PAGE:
IBM has agreed to drop its patent infringement claims against SCO to speed up the outcome of their ongoing legal dispute.
The claims, from August 2003, came in a countersuit to SCO's lawsuit that alleged IBM has infringed its heavily disputed patents over the open-source operating system, Linux.
IBM claimed that four SCO products - UnixWare, OpenServer, SCO Manager and Reliant HA - infringed its patents and asked for SCO to be blocked from developing or selling them.
Even with these patent claims out of the picture, IBM still has eight counterclaims against SCO, including breach of contract and violation of the GNU General Public Licence.
In a footnote to the filings, however, IBM said it "continues to believe that SCO infringed on IBM's valid patents", but is withdrawing its patent counterclaims to expedite the resolution of the case.
By dropping the patent claims, IBM is likely to move the slow-moving case toward trial, now scheduled for February 2007.
One observer was pleased with the news. "It will speed this farce up a bit. SCO was saying that because of the patent counterclaims, they needed discovery, more depositions," said Pamela Jones, editor of the Groklaw.net website. "SCO has no money to pay damages or royalties due to dropping sales figures, so it doesn't matter to IBM to drop them."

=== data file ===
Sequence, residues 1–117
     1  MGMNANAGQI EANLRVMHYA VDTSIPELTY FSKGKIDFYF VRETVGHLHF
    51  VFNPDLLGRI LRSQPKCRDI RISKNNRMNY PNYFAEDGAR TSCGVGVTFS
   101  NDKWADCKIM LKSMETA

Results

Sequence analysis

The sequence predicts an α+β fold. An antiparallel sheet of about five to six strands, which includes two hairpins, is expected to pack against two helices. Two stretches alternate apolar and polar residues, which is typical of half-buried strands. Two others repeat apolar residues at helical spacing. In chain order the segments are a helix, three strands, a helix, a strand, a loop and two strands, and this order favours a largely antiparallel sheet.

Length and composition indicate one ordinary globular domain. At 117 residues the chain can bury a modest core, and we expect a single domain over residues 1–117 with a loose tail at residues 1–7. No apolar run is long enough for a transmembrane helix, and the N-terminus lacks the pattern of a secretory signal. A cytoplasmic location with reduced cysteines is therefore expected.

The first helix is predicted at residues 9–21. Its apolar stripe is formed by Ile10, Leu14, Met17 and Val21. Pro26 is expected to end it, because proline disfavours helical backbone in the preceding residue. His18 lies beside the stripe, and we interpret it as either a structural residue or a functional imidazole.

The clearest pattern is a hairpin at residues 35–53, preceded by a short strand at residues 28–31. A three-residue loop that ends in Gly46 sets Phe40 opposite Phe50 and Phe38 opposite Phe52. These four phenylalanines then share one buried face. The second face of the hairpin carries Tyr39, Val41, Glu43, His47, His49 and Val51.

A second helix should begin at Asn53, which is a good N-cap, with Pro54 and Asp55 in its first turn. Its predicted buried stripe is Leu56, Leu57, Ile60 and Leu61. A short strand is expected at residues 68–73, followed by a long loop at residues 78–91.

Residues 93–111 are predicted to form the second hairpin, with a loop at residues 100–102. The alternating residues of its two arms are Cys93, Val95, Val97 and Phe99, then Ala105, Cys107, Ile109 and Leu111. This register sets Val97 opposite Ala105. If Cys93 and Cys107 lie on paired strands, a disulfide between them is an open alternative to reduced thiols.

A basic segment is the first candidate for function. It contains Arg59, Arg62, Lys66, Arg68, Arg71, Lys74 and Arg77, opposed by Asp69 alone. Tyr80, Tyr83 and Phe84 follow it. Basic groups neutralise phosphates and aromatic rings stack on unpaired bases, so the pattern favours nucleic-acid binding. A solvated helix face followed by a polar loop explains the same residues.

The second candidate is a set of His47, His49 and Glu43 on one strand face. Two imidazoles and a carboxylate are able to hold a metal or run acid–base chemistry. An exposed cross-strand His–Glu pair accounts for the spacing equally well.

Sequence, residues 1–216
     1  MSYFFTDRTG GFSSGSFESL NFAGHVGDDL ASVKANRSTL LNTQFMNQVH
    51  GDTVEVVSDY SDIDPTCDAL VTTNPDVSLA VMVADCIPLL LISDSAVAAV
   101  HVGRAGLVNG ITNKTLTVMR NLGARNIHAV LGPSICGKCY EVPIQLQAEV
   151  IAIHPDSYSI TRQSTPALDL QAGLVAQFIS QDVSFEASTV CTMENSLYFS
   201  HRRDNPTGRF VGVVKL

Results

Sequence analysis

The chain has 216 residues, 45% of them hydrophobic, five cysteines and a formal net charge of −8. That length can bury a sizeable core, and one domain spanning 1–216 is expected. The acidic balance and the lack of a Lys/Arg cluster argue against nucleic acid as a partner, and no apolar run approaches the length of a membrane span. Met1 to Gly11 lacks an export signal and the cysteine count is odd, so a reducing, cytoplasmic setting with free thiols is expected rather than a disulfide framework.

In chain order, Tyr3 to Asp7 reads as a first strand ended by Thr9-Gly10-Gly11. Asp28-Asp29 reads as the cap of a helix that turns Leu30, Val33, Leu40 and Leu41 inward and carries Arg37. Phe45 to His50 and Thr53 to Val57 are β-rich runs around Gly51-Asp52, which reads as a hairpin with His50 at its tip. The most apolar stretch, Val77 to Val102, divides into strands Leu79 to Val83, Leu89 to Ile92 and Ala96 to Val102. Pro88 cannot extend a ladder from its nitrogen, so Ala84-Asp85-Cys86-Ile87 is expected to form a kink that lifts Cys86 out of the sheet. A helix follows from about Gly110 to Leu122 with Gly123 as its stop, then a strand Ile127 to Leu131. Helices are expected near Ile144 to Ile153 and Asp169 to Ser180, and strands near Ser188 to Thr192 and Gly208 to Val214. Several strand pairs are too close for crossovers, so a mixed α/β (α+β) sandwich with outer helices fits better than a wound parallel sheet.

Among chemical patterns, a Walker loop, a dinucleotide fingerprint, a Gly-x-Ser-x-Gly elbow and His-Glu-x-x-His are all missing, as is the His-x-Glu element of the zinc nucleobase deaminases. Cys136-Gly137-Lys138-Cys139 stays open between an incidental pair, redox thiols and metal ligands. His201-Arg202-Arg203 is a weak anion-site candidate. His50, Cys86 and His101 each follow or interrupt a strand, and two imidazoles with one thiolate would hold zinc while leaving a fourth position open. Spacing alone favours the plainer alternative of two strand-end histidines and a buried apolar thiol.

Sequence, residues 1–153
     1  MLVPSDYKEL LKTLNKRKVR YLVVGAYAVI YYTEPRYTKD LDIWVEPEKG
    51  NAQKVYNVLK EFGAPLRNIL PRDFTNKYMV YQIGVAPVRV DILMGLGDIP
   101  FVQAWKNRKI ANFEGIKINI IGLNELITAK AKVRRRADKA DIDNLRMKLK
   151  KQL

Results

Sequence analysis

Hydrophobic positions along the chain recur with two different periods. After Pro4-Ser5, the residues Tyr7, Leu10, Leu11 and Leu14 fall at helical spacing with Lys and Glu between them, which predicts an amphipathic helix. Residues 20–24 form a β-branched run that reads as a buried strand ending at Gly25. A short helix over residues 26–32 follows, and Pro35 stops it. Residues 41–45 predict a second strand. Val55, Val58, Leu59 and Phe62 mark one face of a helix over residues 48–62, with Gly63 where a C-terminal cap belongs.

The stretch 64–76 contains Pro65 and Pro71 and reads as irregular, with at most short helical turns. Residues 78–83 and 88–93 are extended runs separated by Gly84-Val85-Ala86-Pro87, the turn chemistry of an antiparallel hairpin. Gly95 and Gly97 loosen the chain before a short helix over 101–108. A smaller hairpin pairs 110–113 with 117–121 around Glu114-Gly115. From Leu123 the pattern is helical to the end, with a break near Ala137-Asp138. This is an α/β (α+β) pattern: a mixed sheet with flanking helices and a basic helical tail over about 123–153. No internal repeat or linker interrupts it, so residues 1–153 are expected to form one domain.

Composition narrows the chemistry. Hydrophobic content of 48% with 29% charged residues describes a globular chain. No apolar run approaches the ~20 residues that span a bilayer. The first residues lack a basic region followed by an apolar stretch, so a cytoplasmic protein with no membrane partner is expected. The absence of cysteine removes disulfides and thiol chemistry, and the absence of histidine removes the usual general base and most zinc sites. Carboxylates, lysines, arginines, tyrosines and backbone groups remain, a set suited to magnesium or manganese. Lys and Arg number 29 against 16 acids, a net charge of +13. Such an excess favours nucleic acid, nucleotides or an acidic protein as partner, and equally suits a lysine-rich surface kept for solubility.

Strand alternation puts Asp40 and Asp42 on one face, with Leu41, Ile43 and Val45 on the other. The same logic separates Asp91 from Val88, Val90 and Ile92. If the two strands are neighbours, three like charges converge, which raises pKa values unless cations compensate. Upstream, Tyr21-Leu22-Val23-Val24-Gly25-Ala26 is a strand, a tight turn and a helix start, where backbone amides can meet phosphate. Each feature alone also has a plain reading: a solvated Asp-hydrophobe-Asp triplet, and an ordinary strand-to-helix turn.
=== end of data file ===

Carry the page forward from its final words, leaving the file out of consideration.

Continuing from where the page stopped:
IBM's decision to drop the patent claims appears to have paid off. On Friday, Judge Brooke Wells denied a SCO motion seeking further discovery material from IBM.
SCO spokesman Blake Stowell agreed that the ruling would speed up the case and allow his company to focus on its own claims. "We're happy to see them dropped," he said of the patent claims. "It will allow SCO to better focus its resources on the core merits of our case."
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